There is another world, but it is in this one.

Paul Eluard. Œuvres complètes, vol. 1, Gallimard, 1968.

Saturday, July 29, 2017

Five finger exorcize: The Adventure of Lady Wishaw’s Hand by Richard Marsh

….He put the hand in a coffin and buried it, coffin and all. Lady Wishaw’s hand returned to him from the grave.’

‘Oh, Brasher, come!’

‘So I am told. He took it with him across the Atlantic. In mid-ocean he dropped it into the sea. When he reached his hotel in New York he found it at his bedside in the morning. He cast it into a smelter’s furnace. It was waiting for him when he got home. I am credibly assured that he cooked it and ate it, only to find it on his pillow when he went to bed.’

‘Brasher, your story begins to remind me of a poem which I read in my childhood days, which, if I remember rightly, was called, and appropriately, called, “A Horrible Tale”.’*

Reading The Valancourt Book of Horror Stories has really sent my bibliographical gland (or organ, or symbiot, or whatever it is) surging. I thought I would polish off a few stories each day this weekend while sitting here on the patio in particularly clement late July weather.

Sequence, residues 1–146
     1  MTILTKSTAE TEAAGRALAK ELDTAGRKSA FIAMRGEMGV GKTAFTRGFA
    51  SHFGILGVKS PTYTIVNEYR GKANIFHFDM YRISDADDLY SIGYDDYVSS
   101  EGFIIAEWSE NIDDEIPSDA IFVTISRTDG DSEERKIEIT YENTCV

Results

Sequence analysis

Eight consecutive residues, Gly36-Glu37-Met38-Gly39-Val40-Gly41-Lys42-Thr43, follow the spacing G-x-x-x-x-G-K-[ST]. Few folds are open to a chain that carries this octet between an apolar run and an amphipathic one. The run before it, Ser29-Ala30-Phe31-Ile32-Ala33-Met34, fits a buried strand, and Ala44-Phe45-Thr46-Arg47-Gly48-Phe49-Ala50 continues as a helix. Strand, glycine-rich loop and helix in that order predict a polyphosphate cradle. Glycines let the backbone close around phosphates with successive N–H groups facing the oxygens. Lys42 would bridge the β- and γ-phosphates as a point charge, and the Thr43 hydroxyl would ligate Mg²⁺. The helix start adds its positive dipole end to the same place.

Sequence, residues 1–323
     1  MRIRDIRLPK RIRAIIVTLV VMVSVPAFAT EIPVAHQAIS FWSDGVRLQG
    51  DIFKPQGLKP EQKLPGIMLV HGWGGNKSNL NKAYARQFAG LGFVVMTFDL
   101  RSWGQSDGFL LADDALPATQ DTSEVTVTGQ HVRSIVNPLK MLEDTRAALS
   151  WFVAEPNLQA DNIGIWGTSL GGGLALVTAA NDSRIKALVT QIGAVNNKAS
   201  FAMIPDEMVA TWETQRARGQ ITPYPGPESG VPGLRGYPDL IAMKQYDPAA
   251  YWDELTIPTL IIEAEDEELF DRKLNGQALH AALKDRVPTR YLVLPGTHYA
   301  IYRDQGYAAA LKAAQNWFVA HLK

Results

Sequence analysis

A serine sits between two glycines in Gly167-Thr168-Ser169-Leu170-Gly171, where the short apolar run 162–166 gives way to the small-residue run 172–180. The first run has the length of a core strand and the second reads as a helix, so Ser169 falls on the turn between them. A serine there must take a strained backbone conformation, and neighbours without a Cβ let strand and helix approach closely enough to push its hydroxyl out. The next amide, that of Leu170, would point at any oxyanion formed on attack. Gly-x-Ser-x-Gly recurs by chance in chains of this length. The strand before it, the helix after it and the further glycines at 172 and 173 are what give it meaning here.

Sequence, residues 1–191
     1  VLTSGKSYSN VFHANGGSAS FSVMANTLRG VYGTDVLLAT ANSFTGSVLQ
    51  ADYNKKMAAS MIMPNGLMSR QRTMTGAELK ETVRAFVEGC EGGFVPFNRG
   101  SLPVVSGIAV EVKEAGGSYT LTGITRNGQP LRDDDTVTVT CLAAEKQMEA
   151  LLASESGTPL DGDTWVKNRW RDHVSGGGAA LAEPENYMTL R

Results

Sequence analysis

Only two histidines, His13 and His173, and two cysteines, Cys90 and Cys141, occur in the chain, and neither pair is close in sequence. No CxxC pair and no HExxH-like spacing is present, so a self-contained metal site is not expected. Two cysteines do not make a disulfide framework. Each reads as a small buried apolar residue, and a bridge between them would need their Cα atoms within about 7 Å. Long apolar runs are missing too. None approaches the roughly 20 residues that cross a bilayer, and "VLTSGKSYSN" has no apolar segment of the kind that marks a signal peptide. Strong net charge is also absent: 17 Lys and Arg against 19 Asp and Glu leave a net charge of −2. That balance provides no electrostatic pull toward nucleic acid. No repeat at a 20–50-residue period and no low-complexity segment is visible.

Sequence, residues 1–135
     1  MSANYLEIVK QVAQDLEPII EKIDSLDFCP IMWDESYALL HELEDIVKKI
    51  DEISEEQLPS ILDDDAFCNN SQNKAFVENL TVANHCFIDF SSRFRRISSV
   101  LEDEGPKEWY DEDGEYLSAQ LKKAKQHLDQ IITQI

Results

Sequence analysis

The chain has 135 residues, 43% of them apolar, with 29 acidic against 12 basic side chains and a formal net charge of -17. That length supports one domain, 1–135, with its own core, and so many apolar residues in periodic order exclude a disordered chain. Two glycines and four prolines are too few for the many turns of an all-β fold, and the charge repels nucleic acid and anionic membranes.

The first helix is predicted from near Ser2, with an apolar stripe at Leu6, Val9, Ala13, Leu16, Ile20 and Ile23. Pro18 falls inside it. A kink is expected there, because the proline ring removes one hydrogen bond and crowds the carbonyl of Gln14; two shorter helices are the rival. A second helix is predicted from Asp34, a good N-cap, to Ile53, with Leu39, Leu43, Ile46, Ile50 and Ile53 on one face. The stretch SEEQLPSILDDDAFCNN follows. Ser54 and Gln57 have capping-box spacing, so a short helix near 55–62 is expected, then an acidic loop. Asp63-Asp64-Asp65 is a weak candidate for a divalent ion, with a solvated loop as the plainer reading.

But each story, and its editorial note, sends me off to the Web in search of the other works Jenkins and Cagle suggest.

Reading Richard Marsh's ferocious revenge tale "A Psychological Experiment" is a case in point. The editorial note heading the story states:

....Marsh may have been at his best in the field of short fiction: he excelled both in tales of horror and the supernatural and in blackly comic stories, with the two sometimes merging, as in the collection Curios (1898), in which rival antique dealers pursue strange artifacts.

I found a story from Curios in my copy of Horror Stories: Classic Tales from Hoffman to Hodgson (Oxford, 2014).

"The Adventure of Lady Wishaw’s Hand" can be read in the book here.